We rejoin the road, and walk on down to the village of Marske, where we stop for a bite to eat and a slurp of water. outside the Church of St Edmund the Martyr. Then we continue on down the lane and over fields towards Paddy’s Bridge. Just as we start to descend through the trees, the rain starts, and its enough for waterproofs. Unfortunately, as there is already a load of mud on my boots this ends up around the waist of my trousers. Ascending from the bridge the path resolves into wet clay. Steep wet clay. Very slippery. Thank goodness for the stick. Just as we come out at Applegarth Scar the rain stops again, and more mud is deposited on the trousers as we take them off. I get a bit grumpy about this. Perhaps I need lunch.


After Applegarth Farm, therefore, we stop by the path and eat our lunch with fortuitous timing. We have no sooner finished than the rain starts again, but this time we are heading into Whitecliff Wood so we don’t care.

Beyond the wood we are again on a lane. This time it will take us right into Richmond. The shower soon passed, and in a short time we see the town in the distance.

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It does feel strange coming into a town and being amongst traffic.

Richmond is centred upon a large cobbled area, presumably a market square though now a car park. We need a cup of tea, so in our current dishevelled state we head for the market. We are not clean enough for a Tea Shop. An overworked and disorganised old fellow eventually provides us with a large mug of said liquid and a slab of cake. Bliss.


We recover sufficiently to think about exploring. Unfortunately the rain has other ideas and we scuttle into The Green Howards Museum to get out of it. This proves to be a surprisingly interesting diversion into military history.

Richmond is quite an atmospheric little town. Its steep streets cling to the hill around the castle before descending back to the Swale on the south side. It is most definitely quirky. The butchers shop is offering Squirrel Pies for example.


Later, showered and changed, we stride out again, through another almighty downpour, up to the Castle (English Heritage. “Would you like to join…?) It is well huge. Again, really interesting, and we meet Jenny in an upstairs exhibition concerning the small band of Conscientious Objectors imprisoned in the Castle during the First World War.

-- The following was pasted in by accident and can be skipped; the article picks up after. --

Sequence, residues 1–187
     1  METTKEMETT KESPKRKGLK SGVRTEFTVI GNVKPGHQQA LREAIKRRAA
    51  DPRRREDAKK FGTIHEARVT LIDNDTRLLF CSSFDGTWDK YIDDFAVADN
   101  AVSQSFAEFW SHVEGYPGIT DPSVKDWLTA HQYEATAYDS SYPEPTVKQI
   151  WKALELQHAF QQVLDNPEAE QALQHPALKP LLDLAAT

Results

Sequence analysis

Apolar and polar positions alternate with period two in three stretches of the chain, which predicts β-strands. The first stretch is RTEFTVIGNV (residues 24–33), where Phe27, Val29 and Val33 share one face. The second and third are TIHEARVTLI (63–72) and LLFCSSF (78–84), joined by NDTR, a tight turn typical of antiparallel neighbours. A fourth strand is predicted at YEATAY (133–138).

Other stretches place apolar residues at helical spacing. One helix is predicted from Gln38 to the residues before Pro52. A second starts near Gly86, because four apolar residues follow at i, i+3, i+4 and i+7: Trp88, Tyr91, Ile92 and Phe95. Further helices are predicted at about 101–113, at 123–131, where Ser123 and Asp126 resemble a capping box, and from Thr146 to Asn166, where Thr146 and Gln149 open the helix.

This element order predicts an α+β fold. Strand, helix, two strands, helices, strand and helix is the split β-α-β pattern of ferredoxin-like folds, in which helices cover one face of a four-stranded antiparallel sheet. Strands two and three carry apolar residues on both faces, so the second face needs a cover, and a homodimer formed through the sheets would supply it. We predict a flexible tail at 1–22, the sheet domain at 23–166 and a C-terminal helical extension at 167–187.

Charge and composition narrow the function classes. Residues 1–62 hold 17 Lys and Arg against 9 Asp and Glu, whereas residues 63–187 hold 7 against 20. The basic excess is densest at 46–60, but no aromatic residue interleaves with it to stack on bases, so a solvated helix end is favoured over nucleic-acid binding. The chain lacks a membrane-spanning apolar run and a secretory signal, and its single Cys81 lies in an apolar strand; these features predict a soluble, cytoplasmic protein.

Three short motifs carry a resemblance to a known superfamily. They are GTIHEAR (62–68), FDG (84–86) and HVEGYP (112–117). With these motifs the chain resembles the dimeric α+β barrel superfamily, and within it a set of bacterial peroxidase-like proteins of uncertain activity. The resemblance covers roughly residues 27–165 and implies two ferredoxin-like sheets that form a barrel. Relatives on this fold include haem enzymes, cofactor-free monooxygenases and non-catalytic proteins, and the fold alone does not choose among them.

We carry on around the town exploring side streets, the park, passing the theatre. Oh it’s a proper town this! You can even get Calomine Lotion for Ray’s legs, and stocks of emergency Compeeds for blisters yet to be (we both have one apiece already). When we eventually choose The Black Lion for tea, there is of course a load of loud women on a ‘Girls Night Out’. Yep. It’s a real home from home.

Wednesday 6th July Keld to Reeth

The sun is shining and the sunglasses are on. Keld village is fresh and quiet in the golden morning light. We did not dream of Julia last night after all, and I have got over my tussle with the plughole which refused to open.

Out on the trail, the Australians are off already. We have a choice today. The more adventurous of the party may choose the ‘high level’ route via old lead mines and industrial devastation. The rest of us have the option of an easy 4 ½ hour walk beside the picturesque Swale. This is Swaledale after all, and it would be a shame to miss it. Anyway, by the time we have diverted slightly to look at a waterfall, the weather seems to have changed its mind (It was the sunglasses that did it). We proceed up the high route path as far as Crackpot Hall, a very much ruined farmhouse, before definitely deciding to retrace a few steps and take the lower route.

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Almost as soon as we get down to the river and Ivelet Wood the air is full of the presence of rain. We decide to don the rainproofs. Good timing. We are hardly in them when it starts in earnest. It turns out to be the most furious downpour of the walk (at least one that we were actually caught in). The rain continues for most of the morning. Glad we didn’t opt for the high route.